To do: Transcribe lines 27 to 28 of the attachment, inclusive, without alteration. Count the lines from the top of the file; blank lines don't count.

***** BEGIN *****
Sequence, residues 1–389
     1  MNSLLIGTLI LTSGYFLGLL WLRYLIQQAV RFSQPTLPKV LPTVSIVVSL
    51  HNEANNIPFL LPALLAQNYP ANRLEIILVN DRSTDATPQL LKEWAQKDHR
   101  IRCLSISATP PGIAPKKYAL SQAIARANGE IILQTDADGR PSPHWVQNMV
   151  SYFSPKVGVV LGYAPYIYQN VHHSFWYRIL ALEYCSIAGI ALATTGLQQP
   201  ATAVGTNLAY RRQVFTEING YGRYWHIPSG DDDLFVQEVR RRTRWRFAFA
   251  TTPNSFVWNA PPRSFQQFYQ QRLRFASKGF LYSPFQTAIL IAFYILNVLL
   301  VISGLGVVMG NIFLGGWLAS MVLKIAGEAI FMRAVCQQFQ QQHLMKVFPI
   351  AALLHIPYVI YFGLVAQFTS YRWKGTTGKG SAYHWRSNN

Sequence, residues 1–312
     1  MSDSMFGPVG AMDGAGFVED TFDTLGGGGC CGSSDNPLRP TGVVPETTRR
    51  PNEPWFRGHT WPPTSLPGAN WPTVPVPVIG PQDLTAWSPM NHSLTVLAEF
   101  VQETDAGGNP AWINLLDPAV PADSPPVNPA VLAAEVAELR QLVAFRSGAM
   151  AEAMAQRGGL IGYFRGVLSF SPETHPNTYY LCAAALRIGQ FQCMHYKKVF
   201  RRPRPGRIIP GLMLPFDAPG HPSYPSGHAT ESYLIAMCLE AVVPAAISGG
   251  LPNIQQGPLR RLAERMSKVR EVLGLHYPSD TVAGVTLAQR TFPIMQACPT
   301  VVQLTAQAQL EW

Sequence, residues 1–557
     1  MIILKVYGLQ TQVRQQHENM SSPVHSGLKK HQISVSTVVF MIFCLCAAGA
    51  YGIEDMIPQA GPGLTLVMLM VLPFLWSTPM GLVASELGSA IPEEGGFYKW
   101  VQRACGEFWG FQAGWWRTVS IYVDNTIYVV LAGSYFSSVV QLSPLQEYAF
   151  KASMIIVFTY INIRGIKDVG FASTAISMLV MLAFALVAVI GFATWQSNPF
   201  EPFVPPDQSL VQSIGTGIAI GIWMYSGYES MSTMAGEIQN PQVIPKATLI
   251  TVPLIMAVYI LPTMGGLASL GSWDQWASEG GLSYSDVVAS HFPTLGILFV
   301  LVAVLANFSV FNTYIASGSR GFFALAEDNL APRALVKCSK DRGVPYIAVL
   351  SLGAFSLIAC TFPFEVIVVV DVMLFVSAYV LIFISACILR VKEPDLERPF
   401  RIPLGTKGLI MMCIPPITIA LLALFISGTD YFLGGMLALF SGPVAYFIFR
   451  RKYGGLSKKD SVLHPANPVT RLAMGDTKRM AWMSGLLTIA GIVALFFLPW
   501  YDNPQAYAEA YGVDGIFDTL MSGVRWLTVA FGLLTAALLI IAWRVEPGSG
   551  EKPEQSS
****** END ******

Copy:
   401  RIPLGTKGLI MMCIPPITIA LLALFISGTD YFLGGMLALF SGPVAYFIFR
   451  RKYGGLSKKD SVLHPANPVT RLAMGDTKRM AWMSGLLTIA GIVALFFLPW